Also, a basment can only legally be lives in in the US if there is a door or a window big enough to escape in case of fire, aka: a mode of egress. It doesn't have to be a living space, and most often is legally only a storage area. Both those words are underground rooms though, so they share that part of their meaning.
A cellar is an underground place where you store food or drink. It has historically been used that way because it is easier to control the temperature underground. And that's why people still have wine cellars even though we tend to store vegetables in a refrigerator now. It is distinct from a cabinet or pantry and nobody would use them interchangeably.
Basement or cellar; cellar or basement. According to "google" the difference is basically a matter of size, particularly the height of the space above curb level. A basement can be converted into a "Wohnung", however a cellar mostly not (hard to acquire a permit), however, a cellar can be converted in a bar, e.g..a wine bar.
I think that meaning of basement (as a room where you live) must be regional, because in my area of the U.S. a "basement" is often used for an unfinished area under the house - although it usually is roughed in eith concrete, not just dirt. A "cellar", however, is always used for storage.
I grew up in New York in a house that had a basement or a cellar. I always used them interchangeably. The usage that I am accustomed to is if I want to specify an bellow ground level storage area I qualify "cellar". I.E. wine cellar or root cellar. For me, without the qualification, cellar is just a synonym of basement.
I live in Newfoundland, Canada, and we have both "cellars" and "basements", as well as "crawlspaces". The "cellar" is an underground space that is generally 6-8°C year-round. It is the place we traditionally store our year's hardy produce, (home -) canned & bottled goods, and some of our dried foods. Traditionally, they were dug into the side of a hill which was on the same property as the house, lined with large stones, & accessed via a door in the side at the level of the floor; or they were dug down into a field and "shored up" with wood planking &/or rock. This style was accessed via a trap door and a built-in ladder, in the floor of the shed that was built over it. It is strictly for food storage, and not a living space. The "basement" is under the house; and may be used as living space &/or storage; it may be underground or above-ground. Rarely, the two were configured such that the cellar could be accessed underground, from the basement. The "crawlspace" is the space under the house that may be used for limited storage, but is intended only to allow access to that space for servicing utilities or to provide maintenance. I hope this helps. :)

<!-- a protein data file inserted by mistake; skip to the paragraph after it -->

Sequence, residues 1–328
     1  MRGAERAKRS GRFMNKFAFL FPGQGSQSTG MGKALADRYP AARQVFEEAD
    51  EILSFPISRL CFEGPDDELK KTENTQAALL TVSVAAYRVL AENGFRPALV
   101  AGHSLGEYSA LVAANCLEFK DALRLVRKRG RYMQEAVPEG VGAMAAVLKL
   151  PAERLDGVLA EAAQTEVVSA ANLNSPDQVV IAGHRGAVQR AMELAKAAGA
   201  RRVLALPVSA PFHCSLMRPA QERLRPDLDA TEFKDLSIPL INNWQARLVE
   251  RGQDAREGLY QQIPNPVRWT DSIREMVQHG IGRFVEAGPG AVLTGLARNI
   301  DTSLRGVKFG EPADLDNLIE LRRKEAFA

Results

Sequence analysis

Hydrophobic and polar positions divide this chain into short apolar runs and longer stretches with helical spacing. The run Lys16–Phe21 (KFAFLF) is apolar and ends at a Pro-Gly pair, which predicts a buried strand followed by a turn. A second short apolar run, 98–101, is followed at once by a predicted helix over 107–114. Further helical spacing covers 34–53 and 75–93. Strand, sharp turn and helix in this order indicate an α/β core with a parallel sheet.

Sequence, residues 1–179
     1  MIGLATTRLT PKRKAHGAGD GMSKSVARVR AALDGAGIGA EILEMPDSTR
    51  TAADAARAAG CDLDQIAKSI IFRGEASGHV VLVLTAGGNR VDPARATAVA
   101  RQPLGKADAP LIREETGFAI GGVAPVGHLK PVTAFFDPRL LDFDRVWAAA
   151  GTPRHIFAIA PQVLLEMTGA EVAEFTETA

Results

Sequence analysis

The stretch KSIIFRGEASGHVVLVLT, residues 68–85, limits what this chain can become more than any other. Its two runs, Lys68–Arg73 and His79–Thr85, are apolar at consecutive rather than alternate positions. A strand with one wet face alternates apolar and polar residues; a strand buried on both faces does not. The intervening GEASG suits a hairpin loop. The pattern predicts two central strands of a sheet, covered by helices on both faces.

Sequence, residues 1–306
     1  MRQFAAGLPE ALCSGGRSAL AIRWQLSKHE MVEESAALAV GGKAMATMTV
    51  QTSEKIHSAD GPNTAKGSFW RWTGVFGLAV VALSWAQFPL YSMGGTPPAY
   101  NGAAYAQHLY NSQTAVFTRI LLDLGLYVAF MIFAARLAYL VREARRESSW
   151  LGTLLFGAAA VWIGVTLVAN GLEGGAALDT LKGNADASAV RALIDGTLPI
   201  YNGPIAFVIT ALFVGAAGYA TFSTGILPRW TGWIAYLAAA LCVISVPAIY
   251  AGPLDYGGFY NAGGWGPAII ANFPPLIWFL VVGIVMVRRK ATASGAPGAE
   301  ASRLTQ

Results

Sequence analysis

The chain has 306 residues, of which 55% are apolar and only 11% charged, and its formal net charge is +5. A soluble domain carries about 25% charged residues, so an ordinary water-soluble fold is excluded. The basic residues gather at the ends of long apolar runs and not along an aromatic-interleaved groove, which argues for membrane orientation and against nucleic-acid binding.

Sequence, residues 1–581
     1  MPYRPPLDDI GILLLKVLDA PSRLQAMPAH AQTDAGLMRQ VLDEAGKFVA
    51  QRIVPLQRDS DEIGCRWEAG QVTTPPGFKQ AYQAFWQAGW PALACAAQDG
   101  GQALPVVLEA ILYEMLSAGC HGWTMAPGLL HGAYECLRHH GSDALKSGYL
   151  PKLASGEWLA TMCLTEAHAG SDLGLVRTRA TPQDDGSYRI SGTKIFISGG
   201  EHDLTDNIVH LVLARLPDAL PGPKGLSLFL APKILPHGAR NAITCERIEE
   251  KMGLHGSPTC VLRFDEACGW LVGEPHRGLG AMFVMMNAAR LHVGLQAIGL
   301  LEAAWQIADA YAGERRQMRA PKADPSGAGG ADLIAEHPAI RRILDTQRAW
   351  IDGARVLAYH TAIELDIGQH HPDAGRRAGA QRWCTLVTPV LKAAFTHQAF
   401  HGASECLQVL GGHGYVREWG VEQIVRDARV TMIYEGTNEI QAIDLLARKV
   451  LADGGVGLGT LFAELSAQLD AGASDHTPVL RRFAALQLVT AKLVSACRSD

I have the same question. But, maybe the link below could answer it.
When I see a word that is similar to a English word, should I think of it as that or does the matter? To me Keller to cellar seems like a more apt translation instead of basement, If I always thought of it as cellar would that be bad practice? Also words like Strasse, should I see that as Street always or road and street interchangeably. Is there a different or point?
I typed in 'the basment' instead of 'the basement' and it said I got it wrong. Usually when typos don't change anything grammatically or aren't too abysmal the website/app is forgiving and understands that typos are bound to happen. I feel that 'basment' instead of 'basement' should be considered close enough to being correct and that it comes with the typical reminder that you should avoid making typos. 'Basment' also doesn't change anything grammatically, nor is the spelling so far off you can't figure out what was meant. Please let me know why this might be. Sorry for the long message and for my first community post being negative. To add a positive note I have found Duolingo to be very helpful with learning mostly German and it's been a fun way to help me learn the language.
I got this as a "Select the missing word" article question, and it was my first time seeing this word in duolingo. How am i expected to know its article if duolingo hasn't taught that to me before?
Just a conditional expression that says "if the user hasn't seen the experience before, select an exercise type that doesn't assume knowledge" should be enough. Do you want me to help you with the coding, duolingo?
"Cellar" vs "basement": English, as is well known, is a Germanic language with a very large number of loan words from French because of the Norman conquest. Original English and their French equivalents may exist side by side and diverge in meaning or tone over time. That is what you observe in this discussion.
In English, it depends where and when you are. Originally, a cellar was underground because that is how it kept a cooler temperature. For me, in Eastern Canada, I think of a cellar as being an underground storage area for food, but it doesn't have to be attached to the house necessarily. A basement is the underground supportive part of the house.